A new light meter has taken Kickstarter by storm this week thanks to its incredibly small size. The so-called “Reveni Labs Light Meter” is a tiny digital light meter that’s less than 1-inch in every dimension, weighs just 8g, and slots conveniently onto your camera’s hot shoe.
The Reveni Light Meter was invented by Canadian electrical engineer and photography enthusiast Matt Bechberger, who wanted something that would be small and convenient to use with his old film cameras, many of which had no functional light meters.
“Handheld light meters are clunky and difficult to use, while juggling your camera and other equipment,” writes Bechberger on the Kickstarter campaign page. “The light meter I created uses modern technology to add metering onto any camera.”
Here’s the Kickstarter video that covers all of the diminutive light meter’s key features:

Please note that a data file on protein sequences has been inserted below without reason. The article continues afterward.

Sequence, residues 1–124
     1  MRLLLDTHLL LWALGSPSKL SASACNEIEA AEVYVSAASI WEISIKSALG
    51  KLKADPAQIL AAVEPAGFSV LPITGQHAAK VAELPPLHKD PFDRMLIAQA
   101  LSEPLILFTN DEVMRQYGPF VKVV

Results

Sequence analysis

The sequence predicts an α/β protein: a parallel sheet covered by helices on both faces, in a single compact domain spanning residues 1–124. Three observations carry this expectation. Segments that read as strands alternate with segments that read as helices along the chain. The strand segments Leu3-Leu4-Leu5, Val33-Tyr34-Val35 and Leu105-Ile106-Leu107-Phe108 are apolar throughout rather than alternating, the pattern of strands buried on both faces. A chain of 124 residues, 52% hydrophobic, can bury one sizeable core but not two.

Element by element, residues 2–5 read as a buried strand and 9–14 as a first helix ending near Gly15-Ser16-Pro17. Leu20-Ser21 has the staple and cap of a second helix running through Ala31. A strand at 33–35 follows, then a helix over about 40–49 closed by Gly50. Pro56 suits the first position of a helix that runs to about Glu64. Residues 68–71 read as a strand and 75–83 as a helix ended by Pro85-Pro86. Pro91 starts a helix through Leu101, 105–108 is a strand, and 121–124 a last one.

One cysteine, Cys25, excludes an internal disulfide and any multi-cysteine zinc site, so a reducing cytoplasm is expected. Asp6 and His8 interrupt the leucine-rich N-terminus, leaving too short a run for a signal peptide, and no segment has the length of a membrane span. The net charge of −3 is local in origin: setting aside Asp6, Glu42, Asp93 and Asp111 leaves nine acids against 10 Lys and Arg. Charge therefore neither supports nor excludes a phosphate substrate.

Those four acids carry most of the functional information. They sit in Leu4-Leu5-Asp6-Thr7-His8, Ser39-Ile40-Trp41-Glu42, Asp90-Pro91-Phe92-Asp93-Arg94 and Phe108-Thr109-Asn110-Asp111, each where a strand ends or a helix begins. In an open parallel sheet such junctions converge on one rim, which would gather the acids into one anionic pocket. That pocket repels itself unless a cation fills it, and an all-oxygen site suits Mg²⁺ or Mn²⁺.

Using the light meter is extremely simple. It runs off of a single LR44 battery and can meter between an ISO range of 1-12800, an aperture range of f/0.7 – f/128, and a shutter speed of 8min to 1/8000s.
You cycle through options like Film ISO and Metering Modes using menu button, set your aperture or shutter value using the left and right arrow, and take a reading using the power button. It’s pretty straight forward, and makes it easy to go seamlessly from taking a reading to shooting.
Since launching the campaign just a few days ago, Bechberger has already raised nearly $25,000 on a goal of just $12,000.
As with any crowdfunding campaign, it’s entirely possible that Bechberger underestimated the funds he will need to bring this product to market, but he says he’s done with the development and engineering, and has posted a “conservative timeline” that has him shipping the Reveni Light Meter to backers in September 2020.
A single Light Meter with two batteries and an instruction card will run you approximately $95, or you can pick up a two pack (with four batteries) for approximately $170. To find out more about the Reveni Light Meter or pledge your support, head over to Kickstarter.
(via DIY Photography)